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Developer Documentation

Request Data

The Invision Community software includes a class to work with request data, including GET, POST, and REQUEST data, cookies, and detecting certain information about the request (such as whether it was submitted via AJAX or not). You will need to use this class to perform some common actions working with web-based software. The class is accessed through \IPS\Requst::i() and implements the Singleton pattern.

GET, POST and REQUEST data

To access request variables, you simply call them as properties of the class. For instance, you can check if a request variable is set and output it like so

if( isset( \IPS\Request::i()->someVariable ) )
{
    print \IPS\Request::i()->someVariable;
}

Request data is largely unmodified from the originally submitted data except that NULL bytes and RTL control characters are stripped from the input, and slashes are stripped if magic quotes is enabled. This means that all request data should be considered potentially tainted and you will need to take precautions not to introduce security issues by relying upon "clean" request data from this class.

If the request is made using the PUT method (which happens through our REST API in some cases, for instance), this request data is also available through this class.

Working with cookies

Cookie values are available in the cookies property of the \IPS\Request class.

print \IPS\Request::i()->cookie['member_id'];

If your site uses a cookie prefix, note that it will be stripped automatically here.

To set a cookie, you can use the setCookie method. As with fetching a cookie, you should not include any cookie prefix that is used. The method signature is

    /**
     * Set a cookie
     *
     * @param    string                $name        Name
     * @param    mixed                $value        Value
     * @param    \IPS\DateTime|null    $expire        Expiration date, or NULL for on session end
     * @param    bool                $httpOnly    When TRUE the cookie will be made accessible only through the HTTP protocol
     * @param    string|null            $domain        Domain to set to. If NULL, will be detected automatically.
     * @param    string|null            $path        Path to set to. If NULL, will be detected automatically.
     * @return    bool
     */
    public function setCookie( $name, $value, $expire=NULL, $httpOnly=TRUE, $domain=NULL, $path=NULL )

Typically you should leave $domain and $path as NULL, however these can be overridden if needed, for instance if you are working on integrating with a third party service.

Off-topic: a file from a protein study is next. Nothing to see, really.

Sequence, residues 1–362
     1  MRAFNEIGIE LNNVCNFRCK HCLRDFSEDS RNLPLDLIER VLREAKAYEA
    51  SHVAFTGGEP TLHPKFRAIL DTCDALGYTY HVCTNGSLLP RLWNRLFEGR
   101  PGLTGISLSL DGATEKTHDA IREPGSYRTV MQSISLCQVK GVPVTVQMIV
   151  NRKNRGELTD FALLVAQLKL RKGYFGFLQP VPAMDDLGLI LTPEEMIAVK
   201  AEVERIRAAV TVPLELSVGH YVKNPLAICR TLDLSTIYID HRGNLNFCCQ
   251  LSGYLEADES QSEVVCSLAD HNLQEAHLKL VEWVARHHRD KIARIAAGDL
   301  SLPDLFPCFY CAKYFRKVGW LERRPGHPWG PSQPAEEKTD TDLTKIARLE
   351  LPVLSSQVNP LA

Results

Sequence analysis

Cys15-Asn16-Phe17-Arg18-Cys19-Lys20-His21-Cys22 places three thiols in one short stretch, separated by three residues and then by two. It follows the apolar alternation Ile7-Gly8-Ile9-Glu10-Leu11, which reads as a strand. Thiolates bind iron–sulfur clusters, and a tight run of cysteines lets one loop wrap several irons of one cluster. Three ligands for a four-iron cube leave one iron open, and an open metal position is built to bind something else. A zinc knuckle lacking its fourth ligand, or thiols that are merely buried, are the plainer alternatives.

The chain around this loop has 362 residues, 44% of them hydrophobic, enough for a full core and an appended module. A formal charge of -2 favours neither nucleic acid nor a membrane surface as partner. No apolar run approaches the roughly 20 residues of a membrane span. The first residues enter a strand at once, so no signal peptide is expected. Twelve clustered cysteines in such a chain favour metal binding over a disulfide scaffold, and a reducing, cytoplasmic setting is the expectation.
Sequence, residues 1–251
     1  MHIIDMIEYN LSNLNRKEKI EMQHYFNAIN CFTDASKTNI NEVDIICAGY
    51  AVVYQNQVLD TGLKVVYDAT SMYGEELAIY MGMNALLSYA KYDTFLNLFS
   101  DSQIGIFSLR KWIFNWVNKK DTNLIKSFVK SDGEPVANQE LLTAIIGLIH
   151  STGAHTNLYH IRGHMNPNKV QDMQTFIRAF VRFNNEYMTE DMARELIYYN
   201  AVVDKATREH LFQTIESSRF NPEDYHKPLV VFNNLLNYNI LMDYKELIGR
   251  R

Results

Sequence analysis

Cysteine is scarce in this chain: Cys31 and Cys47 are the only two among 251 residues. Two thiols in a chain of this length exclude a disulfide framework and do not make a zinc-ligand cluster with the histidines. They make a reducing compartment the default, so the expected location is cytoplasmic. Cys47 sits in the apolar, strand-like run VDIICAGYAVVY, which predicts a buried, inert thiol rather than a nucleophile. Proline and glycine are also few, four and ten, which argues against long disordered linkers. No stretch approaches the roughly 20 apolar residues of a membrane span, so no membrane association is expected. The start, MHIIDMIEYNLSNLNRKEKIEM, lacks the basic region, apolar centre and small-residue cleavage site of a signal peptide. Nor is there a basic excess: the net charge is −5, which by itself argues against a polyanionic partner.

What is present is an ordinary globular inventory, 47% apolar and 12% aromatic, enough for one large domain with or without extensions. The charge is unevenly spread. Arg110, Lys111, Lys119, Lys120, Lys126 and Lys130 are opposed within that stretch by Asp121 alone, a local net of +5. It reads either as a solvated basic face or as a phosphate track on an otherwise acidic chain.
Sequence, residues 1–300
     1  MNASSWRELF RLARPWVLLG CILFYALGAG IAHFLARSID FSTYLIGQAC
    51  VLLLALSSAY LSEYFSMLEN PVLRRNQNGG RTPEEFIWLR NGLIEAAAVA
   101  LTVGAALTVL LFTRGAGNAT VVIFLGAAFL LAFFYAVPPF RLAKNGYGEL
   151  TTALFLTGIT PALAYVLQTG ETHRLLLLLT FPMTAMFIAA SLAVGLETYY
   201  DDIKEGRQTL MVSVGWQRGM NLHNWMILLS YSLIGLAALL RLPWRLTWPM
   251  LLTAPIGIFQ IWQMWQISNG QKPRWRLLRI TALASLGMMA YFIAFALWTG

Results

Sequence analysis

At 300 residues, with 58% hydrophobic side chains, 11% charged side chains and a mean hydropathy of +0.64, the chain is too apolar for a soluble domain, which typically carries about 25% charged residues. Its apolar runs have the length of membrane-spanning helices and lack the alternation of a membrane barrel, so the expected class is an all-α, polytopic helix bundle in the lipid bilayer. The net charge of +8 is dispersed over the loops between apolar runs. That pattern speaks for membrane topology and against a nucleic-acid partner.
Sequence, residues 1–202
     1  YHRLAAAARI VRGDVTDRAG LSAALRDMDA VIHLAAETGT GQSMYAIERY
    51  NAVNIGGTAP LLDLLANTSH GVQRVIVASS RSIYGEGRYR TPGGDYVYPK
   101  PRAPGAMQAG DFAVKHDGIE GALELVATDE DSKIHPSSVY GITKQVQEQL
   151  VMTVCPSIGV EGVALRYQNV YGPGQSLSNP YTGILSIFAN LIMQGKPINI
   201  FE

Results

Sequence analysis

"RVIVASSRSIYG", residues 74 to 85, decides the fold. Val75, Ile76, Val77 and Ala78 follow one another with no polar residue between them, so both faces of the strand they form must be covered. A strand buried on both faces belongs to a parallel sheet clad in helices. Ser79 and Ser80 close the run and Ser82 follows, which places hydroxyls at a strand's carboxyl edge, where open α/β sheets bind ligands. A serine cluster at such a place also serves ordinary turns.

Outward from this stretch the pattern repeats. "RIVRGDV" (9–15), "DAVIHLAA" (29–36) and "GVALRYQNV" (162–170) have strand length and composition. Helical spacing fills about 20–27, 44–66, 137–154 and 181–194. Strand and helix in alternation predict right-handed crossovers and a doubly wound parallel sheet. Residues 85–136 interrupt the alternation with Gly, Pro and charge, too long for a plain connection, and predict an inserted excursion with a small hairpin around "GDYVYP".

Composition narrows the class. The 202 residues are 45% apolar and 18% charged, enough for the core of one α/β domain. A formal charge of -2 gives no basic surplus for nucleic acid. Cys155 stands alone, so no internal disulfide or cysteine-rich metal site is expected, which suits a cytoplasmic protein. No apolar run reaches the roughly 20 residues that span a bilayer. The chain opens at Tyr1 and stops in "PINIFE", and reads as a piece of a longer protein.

You can clear all login cookies through \IPS\Request::i()->clearLoginCookies() if needed, which includes the member_id and pass_hash cookies, as well as any forum password cookies (where a user may have entered a password to access a forum).

Other helper methods

There are several helper methods in the \IPS\Request class that you can leverage as needed to check various properties of the request

  • \IPS\Request::i()->isAjax()
    Returns a boolean true or false to indicate if the request was made via AJAX
  • \IPS\Request::i()->isSecure()
    Returns a boolean true or false to indicate if the request was made over SSL (https)
  • \IPS\Request::i()->url()
    Returns an \IPS\Http\Url object representing the requested URL. Note that fragments (values after the hash symbol in a URL) are not sent to the server and will not be available to check at the server level.
  • \IPS\Request::i()->ipAddress()
    Returns the IP address used to make the current request, taking into account proxy servers and forwarding if the administrator has chosen to do so in the AdminCP.
  • \IPS\Request::i()->ipAddressIsBanned()
    Returns a boolean true or false to denote if the current request IP address is banned in the AdminCP IP address ban filters.
  • \IPS\Request::i()->requestMethod()
    Returns the current request method, upper-cased.
  • \IPS\Request::i()->isCgi()
    Returns a boolean true or false to indicate if the current request is being processed by a CGI wrapper in PHP
  • \IPS\Request::i()->floodCheck()
    Checks the user's search flood control setting to determine if the user has recently searched and is searching again too quickly. If the user has searched recently and this method is called before the flood control time period has completed, an error will be shown to the user, otherwise their "last searched" time is updated to the current time for subsequent checks.
  • \IPS\Request::i()->confirmedDelete( $title, $message, $submit )
    When a user deletes data, it is prudent to confirm that the action was intended and not a misclick or similar. To facilitate this you can call the confirmedDelete() method which will verify if the user has confirmed the deletion already, and if not will show a confirmation screen first.

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